I caught Prairie Home Companion on tv last Tuesday; Robert Altman's last film, starring M. Streep, K. Kline, W. Harrelson, L. Lohan, L. Tomlin, and PHC's founder himself G. Keillor. When it was released, I didn't get to see it on the big screen, it's a movie that lends itself well to the cosiness of the small screen. It's a movie about the making of the radio show of the same name, which is broadcast on public radio in the US, with a plot twist. The radio show as I remember it during my college days was sometimes hokey, but always entertaining. Puns, gentle literary humor, music, storytelling, all performed live in front of an audience one hears on air through their applause. Mr. Keillor's voice projects as the tranquil embodiment of the Midwest, very trustworthy in its bass grumble.
While the story was somewhat forgettable, I enjoyed listening to the folk songs performed by the actors. Didn't realize that it was Woody Harrelson until I heard him speak, he seemed shorter than I thought, and paired very well as Dusty to John C. Reilly's Lefty, two cowboys twanging their guitars and singing about all sorts of silliness (cowboy toilet humor). Ms. Streep has shown off her singing chops in previous films, so it comes as no surprise that she warbles as well as she does. She and her sister, played by Ms. Tomlin (her alto harmonizing against Streep's soprano), sing songs in dedication to their mother.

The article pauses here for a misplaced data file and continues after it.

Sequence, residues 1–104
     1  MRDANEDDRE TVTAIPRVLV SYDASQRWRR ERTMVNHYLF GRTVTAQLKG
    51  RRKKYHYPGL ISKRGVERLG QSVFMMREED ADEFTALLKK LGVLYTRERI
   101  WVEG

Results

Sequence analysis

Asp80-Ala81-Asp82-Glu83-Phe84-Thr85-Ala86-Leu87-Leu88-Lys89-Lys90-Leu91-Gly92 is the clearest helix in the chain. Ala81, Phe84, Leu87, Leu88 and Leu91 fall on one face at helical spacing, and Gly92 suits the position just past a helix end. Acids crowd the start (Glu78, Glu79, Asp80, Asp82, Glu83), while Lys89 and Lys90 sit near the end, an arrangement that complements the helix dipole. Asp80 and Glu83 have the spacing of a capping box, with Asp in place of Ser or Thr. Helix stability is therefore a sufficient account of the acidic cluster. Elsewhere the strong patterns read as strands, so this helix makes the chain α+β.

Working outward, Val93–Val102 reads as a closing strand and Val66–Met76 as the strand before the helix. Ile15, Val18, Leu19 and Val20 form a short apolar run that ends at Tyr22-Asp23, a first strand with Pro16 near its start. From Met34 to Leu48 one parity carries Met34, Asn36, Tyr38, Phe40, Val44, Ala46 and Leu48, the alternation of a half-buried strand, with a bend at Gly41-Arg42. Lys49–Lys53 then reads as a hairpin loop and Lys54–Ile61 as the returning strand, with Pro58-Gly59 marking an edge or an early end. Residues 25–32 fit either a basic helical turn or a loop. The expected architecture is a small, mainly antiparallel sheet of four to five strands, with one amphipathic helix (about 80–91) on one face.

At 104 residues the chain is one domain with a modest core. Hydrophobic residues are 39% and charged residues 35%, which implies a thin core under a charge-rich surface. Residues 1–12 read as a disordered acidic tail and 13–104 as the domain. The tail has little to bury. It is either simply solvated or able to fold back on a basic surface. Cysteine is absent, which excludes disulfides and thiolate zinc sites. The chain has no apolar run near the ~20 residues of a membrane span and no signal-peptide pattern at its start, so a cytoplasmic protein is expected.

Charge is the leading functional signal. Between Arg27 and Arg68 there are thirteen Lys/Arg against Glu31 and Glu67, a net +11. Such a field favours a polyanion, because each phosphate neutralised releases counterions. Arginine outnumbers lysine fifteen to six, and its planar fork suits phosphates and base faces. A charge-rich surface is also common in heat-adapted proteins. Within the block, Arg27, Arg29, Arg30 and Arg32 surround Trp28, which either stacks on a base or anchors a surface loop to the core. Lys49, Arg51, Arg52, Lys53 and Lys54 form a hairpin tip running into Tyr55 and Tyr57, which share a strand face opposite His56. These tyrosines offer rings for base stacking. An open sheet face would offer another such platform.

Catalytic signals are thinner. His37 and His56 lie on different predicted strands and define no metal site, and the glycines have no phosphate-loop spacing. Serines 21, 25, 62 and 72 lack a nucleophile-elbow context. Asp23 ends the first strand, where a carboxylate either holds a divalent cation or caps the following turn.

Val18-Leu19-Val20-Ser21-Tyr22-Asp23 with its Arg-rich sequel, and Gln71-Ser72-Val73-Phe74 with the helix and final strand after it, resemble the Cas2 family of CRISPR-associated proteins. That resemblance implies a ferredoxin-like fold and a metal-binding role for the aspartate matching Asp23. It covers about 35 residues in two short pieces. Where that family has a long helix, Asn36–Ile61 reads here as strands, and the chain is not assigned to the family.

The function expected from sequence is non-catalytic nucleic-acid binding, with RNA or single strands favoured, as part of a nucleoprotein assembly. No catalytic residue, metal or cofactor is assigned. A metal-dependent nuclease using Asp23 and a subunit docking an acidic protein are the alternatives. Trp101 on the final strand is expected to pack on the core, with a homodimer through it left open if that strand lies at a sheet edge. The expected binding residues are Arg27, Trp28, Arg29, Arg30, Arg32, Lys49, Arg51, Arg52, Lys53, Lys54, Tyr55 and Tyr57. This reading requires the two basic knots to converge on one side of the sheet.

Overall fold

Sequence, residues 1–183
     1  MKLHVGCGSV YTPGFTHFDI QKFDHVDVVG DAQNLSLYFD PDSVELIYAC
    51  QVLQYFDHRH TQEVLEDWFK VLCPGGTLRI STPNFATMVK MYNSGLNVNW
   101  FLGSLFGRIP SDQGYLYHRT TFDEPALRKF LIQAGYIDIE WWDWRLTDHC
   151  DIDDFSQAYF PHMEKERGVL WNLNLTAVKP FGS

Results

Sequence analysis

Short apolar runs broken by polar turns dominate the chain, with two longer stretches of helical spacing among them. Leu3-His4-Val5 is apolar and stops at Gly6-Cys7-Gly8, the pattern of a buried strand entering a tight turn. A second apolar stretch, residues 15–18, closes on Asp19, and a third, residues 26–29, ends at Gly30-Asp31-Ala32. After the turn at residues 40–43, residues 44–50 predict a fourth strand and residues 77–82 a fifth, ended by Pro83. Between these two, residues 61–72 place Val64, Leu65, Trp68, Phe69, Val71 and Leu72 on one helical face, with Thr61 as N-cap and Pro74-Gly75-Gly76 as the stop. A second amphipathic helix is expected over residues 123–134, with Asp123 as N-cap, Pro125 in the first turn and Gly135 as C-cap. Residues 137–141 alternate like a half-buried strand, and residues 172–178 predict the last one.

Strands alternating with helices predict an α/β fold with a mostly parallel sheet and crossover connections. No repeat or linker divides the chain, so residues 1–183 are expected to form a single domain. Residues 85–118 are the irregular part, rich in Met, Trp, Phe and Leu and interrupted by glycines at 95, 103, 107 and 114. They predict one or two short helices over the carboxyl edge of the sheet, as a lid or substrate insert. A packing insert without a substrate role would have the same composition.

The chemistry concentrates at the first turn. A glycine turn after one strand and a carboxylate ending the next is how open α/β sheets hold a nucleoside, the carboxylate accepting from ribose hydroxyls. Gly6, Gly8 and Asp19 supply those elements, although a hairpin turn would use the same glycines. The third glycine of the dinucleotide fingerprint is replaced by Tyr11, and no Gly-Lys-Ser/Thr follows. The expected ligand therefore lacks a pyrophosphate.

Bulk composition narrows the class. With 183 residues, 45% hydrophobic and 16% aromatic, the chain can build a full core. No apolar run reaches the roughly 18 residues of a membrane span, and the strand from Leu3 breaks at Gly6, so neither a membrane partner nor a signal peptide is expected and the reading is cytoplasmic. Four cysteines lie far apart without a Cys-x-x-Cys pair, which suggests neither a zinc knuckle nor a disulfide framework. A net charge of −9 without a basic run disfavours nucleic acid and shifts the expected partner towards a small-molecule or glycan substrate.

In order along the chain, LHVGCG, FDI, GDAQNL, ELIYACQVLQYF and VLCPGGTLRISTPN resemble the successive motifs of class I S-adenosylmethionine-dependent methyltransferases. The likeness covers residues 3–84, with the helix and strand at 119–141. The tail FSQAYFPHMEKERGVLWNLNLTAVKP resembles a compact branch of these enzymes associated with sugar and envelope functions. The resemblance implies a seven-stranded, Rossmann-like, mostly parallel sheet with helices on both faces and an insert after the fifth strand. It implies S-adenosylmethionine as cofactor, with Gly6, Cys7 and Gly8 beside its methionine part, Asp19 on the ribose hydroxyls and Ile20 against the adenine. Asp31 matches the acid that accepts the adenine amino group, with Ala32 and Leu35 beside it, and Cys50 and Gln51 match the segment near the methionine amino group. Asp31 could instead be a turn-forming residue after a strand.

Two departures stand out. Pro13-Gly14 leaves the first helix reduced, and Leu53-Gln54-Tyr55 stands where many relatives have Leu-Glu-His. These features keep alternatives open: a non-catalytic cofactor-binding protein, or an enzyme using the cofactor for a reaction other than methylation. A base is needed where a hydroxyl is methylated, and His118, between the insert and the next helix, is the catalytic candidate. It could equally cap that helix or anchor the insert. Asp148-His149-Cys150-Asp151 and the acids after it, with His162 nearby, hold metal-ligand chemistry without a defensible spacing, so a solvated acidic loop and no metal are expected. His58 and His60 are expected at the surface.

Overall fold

A few weeks back, I recall listening to a podcast about a musical ethnographer in the US who recorded a lot of folk music and ditties throughout the eastern seaboard and the south. He played samples of it through the presentation, and the voices were untrained but charming. Short spurts of it are enough to enjoy, listening to the words, the backyard noises, the underlying melodies. A lot of these songs will probably end up disappearing without the help of academic recordings, or shows like Prairie Home Companion.
Last month, the school I work for hosted a student music camp, and one particular workshop and concert dealt with tribal music, the facilitator (whose name I can't recall) is a dedicated Filipina ethnographist who has studied indigenous music around the country, hoping to save some of it before it all dies out. She taught the students about the links between music, the self, and storytelling without a lot of big instruments or fancy add ons. It was magical for the students to work with basic tools and sounds and learn how to make music through their own sense of rhythm. The students raved about the eye opening themes they picked up from her; I thought how wonderful it would be if their parents could have joined them in that eureka moment.